It was at this point that my sense of self preservation kicked in.  I only ate about half of the third roll.  And from then on, I took a couple of bites, maybe three at the most, occasionally just one, before deciding whether it would get my vote.  I took a break after the fourth table for a Main Root Sarsaparilla, then another break after the sixth table for a glass of wine.  You gotta pace yourself. 

I’d heard a lot about Red Hook Lobster Pound, from Brooklyn, and gave them a try.  I liked them (not as much a Lukes) but I think I was allergic to something in their roll as shortly after I had my three bites I began to itch like crazy.  I took a water break and waited for the itching to subside.  It did. 

By this time I was pretty done in.  I think I made it through 11 different lobster rolls before I just couldn’t eat any more.  My friend was still able to take a taste and I had him tell me if any that he tasted, after I whimped out, were worth my forcing myself.  None were.  I’m not sure how many he had, but he didn’t get through all 18 either. 

We cast our votes for Lukes, amid a flurry of other voters doing the same and I actually got to meet Luke!  Very nice guy.  I told him my location of choice was the original Lower East Side place.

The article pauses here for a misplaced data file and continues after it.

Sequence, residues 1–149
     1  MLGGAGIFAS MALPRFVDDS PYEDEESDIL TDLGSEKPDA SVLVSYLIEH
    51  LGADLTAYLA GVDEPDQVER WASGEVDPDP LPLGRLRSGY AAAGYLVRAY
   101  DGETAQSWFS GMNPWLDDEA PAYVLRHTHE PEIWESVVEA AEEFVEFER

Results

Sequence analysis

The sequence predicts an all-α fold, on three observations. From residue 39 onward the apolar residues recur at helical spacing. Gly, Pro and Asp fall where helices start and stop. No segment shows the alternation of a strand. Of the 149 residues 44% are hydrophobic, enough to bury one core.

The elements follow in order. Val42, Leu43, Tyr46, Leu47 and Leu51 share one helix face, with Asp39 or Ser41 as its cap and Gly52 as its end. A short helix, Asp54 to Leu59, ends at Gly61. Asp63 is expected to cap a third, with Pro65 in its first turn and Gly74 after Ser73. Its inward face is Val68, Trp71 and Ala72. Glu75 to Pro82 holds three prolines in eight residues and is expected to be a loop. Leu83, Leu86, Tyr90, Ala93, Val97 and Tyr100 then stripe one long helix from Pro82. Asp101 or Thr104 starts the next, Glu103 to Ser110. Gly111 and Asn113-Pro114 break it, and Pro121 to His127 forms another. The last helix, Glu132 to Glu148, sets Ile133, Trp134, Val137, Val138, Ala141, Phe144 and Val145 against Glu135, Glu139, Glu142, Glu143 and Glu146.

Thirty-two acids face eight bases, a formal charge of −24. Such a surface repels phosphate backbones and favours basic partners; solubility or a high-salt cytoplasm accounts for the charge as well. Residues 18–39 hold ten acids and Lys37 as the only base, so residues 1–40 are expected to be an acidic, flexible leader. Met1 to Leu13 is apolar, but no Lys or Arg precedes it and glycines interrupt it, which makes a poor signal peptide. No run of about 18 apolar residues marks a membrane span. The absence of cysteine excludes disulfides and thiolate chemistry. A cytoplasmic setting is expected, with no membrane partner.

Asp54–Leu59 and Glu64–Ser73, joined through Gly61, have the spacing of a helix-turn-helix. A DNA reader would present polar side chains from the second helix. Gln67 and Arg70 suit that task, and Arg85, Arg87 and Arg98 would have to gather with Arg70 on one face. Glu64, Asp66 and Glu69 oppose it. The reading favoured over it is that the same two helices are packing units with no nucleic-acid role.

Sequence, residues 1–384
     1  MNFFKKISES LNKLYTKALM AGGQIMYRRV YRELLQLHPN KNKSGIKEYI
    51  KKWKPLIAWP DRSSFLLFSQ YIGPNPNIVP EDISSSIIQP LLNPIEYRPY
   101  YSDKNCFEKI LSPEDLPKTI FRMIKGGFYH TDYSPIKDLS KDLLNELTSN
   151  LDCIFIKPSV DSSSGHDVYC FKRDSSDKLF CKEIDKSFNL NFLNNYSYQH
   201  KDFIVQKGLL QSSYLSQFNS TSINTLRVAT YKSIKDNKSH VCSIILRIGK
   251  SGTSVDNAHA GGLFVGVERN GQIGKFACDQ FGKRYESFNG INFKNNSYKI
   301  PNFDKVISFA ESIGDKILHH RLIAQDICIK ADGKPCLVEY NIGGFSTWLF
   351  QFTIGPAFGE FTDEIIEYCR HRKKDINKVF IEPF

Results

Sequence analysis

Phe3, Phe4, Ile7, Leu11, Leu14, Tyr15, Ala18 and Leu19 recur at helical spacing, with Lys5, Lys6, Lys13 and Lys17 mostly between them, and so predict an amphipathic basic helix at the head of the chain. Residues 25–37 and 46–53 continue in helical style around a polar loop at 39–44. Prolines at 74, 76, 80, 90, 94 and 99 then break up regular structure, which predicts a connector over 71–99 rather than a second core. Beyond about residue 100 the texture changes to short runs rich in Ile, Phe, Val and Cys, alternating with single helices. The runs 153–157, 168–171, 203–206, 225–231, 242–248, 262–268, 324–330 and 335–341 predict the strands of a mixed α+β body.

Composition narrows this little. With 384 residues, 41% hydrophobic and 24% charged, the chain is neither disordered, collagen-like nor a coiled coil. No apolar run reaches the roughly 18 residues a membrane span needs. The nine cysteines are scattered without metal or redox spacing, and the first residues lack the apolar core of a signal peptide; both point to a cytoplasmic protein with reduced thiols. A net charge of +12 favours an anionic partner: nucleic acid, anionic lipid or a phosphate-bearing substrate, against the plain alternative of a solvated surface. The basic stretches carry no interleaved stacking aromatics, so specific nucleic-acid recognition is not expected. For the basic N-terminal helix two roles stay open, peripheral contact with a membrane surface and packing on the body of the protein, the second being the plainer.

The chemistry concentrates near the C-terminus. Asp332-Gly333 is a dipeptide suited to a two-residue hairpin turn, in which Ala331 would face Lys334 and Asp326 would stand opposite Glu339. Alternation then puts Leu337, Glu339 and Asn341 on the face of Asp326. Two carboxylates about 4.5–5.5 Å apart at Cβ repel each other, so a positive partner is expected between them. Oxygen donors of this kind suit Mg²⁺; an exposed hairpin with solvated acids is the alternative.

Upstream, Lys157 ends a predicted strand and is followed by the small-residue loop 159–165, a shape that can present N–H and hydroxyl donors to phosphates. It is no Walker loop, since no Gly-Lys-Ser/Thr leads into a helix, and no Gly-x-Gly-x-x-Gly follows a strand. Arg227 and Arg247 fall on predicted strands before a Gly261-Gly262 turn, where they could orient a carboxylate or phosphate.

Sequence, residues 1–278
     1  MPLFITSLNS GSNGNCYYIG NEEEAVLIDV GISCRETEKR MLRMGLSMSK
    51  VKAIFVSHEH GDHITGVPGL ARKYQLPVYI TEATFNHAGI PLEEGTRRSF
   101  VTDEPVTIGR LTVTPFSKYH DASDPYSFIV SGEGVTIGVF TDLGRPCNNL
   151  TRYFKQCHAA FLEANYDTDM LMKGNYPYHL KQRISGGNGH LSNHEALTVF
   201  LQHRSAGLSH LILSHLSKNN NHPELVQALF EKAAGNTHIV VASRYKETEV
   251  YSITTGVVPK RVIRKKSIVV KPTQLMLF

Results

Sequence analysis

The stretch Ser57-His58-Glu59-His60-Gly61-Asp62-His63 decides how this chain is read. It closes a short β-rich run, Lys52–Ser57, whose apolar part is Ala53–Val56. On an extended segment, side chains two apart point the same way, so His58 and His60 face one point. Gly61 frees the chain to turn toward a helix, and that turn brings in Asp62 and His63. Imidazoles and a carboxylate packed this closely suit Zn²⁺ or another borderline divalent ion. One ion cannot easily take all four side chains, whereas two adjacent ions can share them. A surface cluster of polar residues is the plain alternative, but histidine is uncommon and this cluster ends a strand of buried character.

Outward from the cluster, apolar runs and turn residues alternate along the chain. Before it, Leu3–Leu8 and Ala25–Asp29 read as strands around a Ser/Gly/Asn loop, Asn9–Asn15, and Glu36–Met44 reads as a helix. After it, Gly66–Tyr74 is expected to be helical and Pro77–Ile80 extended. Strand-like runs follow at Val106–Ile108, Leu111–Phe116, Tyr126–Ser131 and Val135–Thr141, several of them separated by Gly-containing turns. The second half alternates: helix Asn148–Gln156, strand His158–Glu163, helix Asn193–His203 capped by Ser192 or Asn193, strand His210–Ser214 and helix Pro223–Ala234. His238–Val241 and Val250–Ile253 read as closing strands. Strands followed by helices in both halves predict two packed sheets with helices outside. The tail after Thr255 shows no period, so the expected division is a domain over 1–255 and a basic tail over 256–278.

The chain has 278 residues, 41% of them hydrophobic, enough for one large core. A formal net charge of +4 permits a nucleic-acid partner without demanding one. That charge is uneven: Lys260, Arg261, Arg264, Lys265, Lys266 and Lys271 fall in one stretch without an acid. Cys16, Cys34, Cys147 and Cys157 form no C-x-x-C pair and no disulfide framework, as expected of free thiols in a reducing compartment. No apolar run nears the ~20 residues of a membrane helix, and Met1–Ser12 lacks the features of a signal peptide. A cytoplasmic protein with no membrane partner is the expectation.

I took a sparkling wine break.  

My friend actually wanted to taste the desserts.  I told him I was happy to drink and watch him taste desserts.  Seriously?  I had no idea how he was doing that! Yes, I can eat a ridiculous amount of lobster, but even I can’t eat it forever.  I found my limit in lobster.

I saw him the next night at another party and asked him how he was.  He said he wasn’t really hungry.  I told him I woke up wanting a Lukes Lobster roll.  I think he said something about waking up, wanting to die... nah!  He loved his birthday present.

Did Luke’s win?  He did win the Fan Favorite Award.  The celebrity judges awarded Mary’s Fish Camp their award.  Too much mayo, if you ask me. 

Had Luke’s not been competing, I would have given my voting chit to B&G.  Next time I’m in Boston, I’ll have to go there…